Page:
Two recent developments offer encouraging news for whales. Though not yet fully realized in terms of their ramifications, they are certainly steps in the right direction towards ensuring the long-term future of whales worldwide.
US Proposes Sanctions Against Iceland
Iceland is one of two nations that openly defy the International Whaling Commission (IWC) moratorium on commercial whaling - the other nation being Norway. Japan hides its whaling operations behind the commission's loophole regarding taking whales for scientific research.
In response to considerable pressure from environmental groups, US Commerce Secretary Gary Locke, on Wednesday, put Iceland on notice that they may be subject to economic sanctions if they do not curtail all commercial whaling activities. Using the Pelly Amendment, which provides for sanctions against nations that violate global fisheries conservation agreements, the Commerce Department is taking the first step in a process that ultimately must be approved by President Obama.
"Iceland's harvest of whales and export of fin whale meat threaten an endangered species and undermine worldwide efforts to protect whales," said Locke, who oversees the National Oceanic and Atmospheric Administration. "It's critical that the government of Iceland take immediate action to comply with the moratorium."
Iceland's actual involvement is whaling is not as aggressive as Norway or Japan. Complying with the whaling moratorium for many years, Iceland resumed whaling in 2006 and most of its catch was exported to Japan - a market that has declined recently. Last year, Iceland took about 225 whales, compared to Japan's annual catch which often exceeds 1,000.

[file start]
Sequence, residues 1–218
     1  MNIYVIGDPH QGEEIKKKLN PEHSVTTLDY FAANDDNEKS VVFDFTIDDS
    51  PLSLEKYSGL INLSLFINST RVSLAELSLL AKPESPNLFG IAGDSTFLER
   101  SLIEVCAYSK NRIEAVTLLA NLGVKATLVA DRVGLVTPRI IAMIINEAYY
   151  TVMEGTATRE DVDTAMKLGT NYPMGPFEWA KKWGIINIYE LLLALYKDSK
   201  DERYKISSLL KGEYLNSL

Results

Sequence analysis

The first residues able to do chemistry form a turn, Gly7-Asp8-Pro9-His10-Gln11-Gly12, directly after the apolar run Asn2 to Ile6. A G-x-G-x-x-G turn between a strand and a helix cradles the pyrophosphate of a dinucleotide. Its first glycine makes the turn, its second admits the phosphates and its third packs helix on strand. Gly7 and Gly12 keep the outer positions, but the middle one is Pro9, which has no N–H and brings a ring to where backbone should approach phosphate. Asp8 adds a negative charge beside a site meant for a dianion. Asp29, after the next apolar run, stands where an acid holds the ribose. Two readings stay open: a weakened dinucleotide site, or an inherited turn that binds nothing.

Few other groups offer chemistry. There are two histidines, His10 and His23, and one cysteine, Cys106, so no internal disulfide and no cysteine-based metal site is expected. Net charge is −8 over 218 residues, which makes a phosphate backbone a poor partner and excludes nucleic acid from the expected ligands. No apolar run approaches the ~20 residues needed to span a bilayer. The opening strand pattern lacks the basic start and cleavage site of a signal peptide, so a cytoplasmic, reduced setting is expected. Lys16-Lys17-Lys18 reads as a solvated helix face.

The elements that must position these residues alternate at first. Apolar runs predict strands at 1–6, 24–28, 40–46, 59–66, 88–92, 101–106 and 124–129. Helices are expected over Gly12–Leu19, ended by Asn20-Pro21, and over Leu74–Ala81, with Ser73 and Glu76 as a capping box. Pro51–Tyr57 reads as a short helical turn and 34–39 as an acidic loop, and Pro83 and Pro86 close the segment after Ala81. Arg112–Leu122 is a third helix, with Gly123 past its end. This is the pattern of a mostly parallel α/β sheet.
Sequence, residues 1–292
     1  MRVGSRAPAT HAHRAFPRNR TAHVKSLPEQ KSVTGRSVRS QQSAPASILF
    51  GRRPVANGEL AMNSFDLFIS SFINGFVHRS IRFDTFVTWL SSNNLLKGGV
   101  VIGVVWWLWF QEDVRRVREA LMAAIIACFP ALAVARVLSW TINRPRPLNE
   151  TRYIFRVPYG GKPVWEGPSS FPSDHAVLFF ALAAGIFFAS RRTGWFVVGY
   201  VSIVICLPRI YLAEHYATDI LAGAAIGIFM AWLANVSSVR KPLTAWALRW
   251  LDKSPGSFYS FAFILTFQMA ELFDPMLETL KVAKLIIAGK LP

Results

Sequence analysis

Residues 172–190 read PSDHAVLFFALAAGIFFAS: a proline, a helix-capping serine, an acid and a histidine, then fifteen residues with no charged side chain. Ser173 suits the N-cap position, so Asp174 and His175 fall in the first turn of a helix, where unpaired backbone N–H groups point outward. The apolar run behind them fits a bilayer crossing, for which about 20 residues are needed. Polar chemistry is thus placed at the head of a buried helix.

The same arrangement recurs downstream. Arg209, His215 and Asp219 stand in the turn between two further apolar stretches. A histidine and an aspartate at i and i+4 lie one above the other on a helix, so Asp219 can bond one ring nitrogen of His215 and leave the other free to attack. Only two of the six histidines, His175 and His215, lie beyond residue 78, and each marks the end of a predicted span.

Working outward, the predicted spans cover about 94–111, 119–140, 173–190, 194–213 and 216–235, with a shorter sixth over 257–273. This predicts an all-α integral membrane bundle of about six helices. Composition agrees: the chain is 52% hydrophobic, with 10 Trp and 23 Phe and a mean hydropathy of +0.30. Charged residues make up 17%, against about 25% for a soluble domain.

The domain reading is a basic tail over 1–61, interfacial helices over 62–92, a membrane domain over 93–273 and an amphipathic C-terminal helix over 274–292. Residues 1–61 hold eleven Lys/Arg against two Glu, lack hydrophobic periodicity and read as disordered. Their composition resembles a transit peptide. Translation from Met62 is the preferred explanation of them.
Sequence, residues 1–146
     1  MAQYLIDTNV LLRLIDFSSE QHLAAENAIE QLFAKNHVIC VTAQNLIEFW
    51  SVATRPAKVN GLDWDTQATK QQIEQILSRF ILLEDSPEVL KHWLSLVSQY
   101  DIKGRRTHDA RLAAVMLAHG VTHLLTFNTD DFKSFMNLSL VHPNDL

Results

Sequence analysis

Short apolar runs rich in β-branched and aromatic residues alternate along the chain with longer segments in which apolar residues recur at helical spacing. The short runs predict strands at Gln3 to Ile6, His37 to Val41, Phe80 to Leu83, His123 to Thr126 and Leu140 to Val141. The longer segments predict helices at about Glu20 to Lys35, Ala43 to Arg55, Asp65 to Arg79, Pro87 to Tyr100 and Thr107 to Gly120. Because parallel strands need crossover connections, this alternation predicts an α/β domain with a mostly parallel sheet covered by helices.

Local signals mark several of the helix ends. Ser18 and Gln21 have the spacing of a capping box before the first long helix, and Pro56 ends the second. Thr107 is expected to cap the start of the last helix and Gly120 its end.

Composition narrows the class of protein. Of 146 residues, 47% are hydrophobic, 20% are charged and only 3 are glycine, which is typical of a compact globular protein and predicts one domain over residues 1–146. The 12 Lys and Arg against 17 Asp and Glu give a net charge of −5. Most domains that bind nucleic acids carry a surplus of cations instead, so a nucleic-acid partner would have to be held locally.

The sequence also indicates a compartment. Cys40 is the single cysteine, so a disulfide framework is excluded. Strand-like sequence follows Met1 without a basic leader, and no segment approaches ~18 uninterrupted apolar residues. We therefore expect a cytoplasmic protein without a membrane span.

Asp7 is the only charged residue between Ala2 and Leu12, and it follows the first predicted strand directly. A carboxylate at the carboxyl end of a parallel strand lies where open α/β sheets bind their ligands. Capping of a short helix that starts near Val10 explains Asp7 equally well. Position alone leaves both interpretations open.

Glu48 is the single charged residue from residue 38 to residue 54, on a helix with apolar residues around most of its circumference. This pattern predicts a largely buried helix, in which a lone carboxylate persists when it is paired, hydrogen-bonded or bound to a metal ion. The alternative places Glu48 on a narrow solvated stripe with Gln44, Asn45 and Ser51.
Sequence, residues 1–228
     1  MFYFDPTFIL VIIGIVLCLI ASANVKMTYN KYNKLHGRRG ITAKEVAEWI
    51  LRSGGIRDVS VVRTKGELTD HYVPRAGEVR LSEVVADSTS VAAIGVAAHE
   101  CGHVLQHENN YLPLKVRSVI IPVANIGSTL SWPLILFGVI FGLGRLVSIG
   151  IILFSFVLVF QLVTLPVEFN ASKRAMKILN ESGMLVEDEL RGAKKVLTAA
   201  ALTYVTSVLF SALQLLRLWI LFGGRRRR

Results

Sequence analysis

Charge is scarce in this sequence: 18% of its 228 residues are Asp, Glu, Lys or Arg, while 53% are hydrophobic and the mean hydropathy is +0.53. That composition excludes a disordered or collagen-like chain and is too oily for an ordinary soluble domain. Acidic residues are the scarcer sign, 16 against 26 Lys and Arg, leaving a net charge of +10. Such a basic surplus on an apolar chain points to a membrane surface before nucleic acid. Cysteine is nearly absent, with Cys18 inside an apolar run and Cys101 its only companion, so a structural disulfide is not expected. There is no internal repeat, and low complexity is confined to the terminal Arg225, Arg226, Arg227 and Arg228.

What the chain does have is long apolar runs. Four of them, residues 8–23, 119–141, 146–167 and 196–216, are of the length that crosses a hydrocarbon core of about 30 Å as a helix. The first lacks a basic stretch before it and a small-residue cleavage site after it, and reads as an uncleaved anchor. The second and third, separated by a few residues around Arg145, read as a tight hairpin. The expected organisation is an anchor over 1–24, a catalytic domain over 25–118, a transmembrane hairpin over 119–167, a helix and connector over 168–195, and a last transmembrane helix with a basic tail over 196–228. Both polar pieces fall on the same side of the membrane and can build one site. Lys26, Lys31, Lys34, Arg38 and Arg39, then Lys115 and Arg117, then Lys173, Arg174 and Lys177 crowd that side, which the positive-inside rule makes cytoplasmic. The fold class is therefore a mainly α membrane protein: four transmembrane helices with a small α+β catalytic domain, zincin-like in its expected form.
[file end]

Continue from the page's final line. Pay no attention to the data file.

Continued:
But with Japan heading towards an international legal struggle with Australia and continued harassment from pro-whale organizations like the Sea Shepherd Conservation Society, taking political aim at one of the two Northern European whaling prohibition violators is an appropriate move. Now it remains to be seen as to whether President Obama will concur and impose sanctions.
Oman Studies Cetacea in the Northern Indian Ocean
Recognizing the importance of cetacea that ply the waters off this Arabian peninsula nation, Oman continues to embark on research to study the several different species of whales and dolphins that call the Northern Indian Ocean home.
Oman is the only Arabian peninsula nation that is a member of the IWC and, through its Environment Society of Oman (ESO), has been studying the Arabian Sea Humpback Whale in addition to Bryde's, Sperm and Blue whales. The study has generated great interest in the scientific community as the whales inhabit a region that is not directly linked to cold, polar feeding regions that generate considerable amounts of krill - a key food source for most whales. This makes for a somewhat unique habitat for the whales living there.
Recognizing the importance of conservation measures to monitor the interactions and threats to large whales from shipping traffic and bycatch, the director of the ESO Lamees Daar said, “The successful development of a regional CMP [Conservation Management Plan] will depend on the cooperation and understanding of all range states [Oman, Yemen, the UAE, Iran, India, Pakistan, Sri Lanka], which is an ambitious undertaking but is a challenge that ESO feels is necessary.”
Read about possible US sanctions against Iceland in the Associated Foreign Press.
Read about Oman's pro-whale commitment in the Times of Oman.